NEW YORK (Reuters) - Natural gas remains the United States' only viable fuel source to help bridge a 15-year gap for the nation to transition from dirty fossil fuels to cleaner alternatives, an industry trade group said. According to American Gas Association chairman David McClanahan, natural gas, with its "small carbon footprint" will be the key fuel until new nuclear power, renewables and liquefied natural gas can also meet America's growing energy needs.
NEW YORK (Reuters) - Natural gas remains the United States' only viable fuel source to help bridge a 15-year gap for the nation to transition from dirty fossil fuels to cleaner alternatives, an industry trade group said.
According to American Gas Association chairman David McClanahan, natural gas, with its "small carbon footprint" will be the key fuel until new nuclear power, renewables and liquefied natural gas can also meet America's growing energy needs.
"We need a bridge until clean coal and nuclear are available, which could be a 10 to 15 year period. Natural gas is ready to play a key role to the challenges that our nation faces not only in 2008 but in 2028," McClanahan said speaking to the New York Society of Security Analysts in New York on Thursday.
McClanahan said new nuclear plants would have no effect on supply until the end of the next decade or later, as the industry faces growing opposition from environmentalists and lengthy construction times.!ADVERTISEMENT!
In addition, he said with wind and solar energy not always available at times of peak demand, there are limits to how much renewables can add to the solution.
LNG will play a factor, McClanahan said, but stiff competition from other parts of the world, particularly Asia, will likely keep costs relatively high.
The AGA is focused on getting their message out that natural gas is abundant and less expensive and can help offset climate concerns, one of the biggest challenges facing the energy industry.
"We are in the midst of a seismic shift in the way carbon issues are dealt with in this country. It's a complicated issue and the solutions are elusive, but we can't wait for the perfect solution to present itself," he added.
But in order to meet those needs, McClanahan said offshore areas must be opened up for drilling as soon as possible and not after a supply crunch starts to affect prices.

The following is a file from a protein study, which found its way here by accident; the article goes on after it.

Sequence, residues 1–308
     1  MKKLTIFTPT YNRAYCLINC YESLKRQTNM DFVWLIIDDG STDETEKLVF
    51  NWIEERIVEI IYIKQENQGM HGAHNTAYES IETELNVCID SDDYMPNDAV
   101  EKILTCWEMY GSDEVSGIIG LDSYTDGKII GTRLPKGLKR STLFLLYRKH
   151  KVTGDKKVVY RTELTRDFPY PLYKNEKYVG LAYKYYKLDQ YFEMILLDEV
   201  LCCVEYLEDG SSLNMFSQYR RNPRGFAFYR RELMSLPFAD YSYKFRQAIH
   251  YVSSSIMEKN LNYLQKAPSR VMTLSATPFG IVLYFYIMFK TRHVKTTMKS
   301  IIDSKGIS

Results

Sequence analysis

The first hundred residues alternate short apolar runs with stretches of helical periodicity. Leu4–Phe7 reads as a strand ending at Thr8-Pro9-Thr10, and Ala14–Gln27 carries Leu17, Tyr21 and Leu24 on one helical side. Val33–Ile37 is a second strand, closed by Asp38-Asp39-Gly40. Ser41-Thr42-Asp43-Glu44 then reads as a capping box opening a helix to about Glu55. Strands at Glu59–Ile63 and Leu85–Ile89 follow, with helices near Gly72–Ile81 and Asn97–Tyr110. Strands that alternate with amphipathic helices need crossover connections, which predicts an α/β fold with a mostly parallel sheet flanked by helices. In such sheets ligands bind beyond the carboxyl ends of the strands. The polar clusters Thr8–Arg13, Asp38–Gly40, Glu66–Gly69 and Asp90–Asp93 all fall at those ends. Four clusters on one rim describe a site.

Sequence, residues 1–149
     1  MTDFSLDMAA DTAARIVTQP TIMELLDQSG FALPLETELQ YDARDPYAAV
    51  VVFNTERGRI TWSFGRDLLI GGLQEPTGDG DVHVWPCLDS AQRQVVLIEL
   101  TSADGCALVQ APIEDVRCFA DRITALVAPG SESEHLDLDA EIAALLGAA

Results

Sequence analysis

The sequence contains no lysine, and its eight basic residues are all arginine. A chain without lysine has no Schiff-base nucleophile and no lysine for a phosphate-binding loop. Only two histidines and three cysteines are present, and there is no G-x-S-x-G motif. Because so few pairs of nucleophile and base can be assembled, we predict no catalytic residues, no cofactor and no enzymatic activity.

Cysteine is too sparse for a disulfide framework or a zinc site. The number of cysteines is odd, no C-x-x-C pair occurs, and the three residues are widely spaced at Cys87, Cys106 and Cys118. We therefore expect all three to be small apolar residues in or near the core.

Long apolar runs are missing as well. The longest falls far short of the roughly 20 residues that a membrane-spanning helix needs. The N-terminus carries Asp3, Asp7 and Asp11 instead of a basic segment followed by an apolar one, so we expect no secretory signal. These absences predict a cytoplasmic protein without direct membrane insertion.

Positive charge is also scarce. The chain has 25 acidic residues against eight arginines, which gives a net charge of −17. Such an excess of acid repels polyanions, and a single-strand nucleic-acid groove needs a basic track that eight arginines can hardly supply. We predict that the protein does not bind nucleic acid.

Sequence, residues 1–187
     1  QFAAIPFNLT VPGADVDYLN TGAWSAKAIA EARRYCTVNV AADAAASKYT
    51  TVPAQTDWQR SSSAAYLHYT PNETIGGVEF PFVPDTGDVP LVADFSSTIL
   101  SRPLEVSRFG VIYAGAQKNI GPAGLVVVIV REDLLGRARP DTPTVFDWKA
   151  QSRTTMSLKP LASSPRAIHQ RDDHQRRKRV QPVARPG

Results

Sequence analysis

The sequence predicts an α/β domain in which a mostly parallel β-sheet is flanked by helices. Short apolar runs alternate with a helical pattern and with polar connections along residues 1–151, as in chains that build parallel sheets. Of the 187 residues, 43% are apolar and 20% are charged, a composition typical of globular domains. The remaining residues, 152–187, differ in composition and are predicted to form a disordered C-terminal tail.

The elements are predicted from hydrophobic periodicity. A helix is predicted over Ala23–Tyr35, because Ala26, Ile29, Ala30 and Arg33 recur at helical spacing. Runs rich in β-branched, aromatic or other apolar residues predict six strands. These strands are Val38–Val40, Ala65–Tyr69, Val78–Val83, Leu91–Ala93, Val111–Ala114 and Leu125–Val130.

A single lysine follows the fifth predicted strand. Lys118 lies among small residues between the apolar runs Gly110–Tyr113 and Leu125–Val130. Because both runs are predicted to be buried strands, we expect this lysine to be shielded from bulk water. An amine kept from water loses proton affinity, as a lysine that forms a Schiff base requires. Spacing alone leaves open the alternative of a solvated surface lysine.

"Supply is the number one issue. There are domestic places that are not being drilled offshore. Section 181 (in the Gulf of Mexico) was opened last year, but there are expectations that there is a lot of gas on the East Coast and West Coast," he said.
McClanahan said there are fears about not having those supplies until a "crisis" resulting in a big spike starts to hit consumers, some of whom are already showing signs of an economic pinch.
THE MODERATING FACTOR
McClanahan, also the president and chief executive officer of Houston-based CenterPoint Energy, said the company was starting to see some early indications of an economic slowdown in some of its Midwest market areas.
CenterPoint serves gas and power customers in Minnesota, Mississippi, Oklahoma, Arkansas, Louisiana and Texas.
"People have to have energy to heat or cool their homes, but we are seeing signs that people are starting to feel the pinch of a housing slowdown."
McClanahan said his company came out of last winter with its highest amount of delinquent accounts.
"We saw people having to make decisions about what bills to pay. It seems like they were putting aside their energy bill on the 'I'll pay it next month' pile," McClanahan said.
"We worked with those customers, but we were kind of shocked coming out of last winter. It's an indication that high energy prices and high prices at the pump are affecting people's bottom lines," he added.
McClanahan said high volatility and high prices remain big concerns for the gas industry, but the moderating factor is more supply. "Our message is we've got plenty of gas. We've just got to go and get it," McClanahan said.
(Reporting by Eileen Moustakis and Michael Erman; Editing by Marguerita Choy)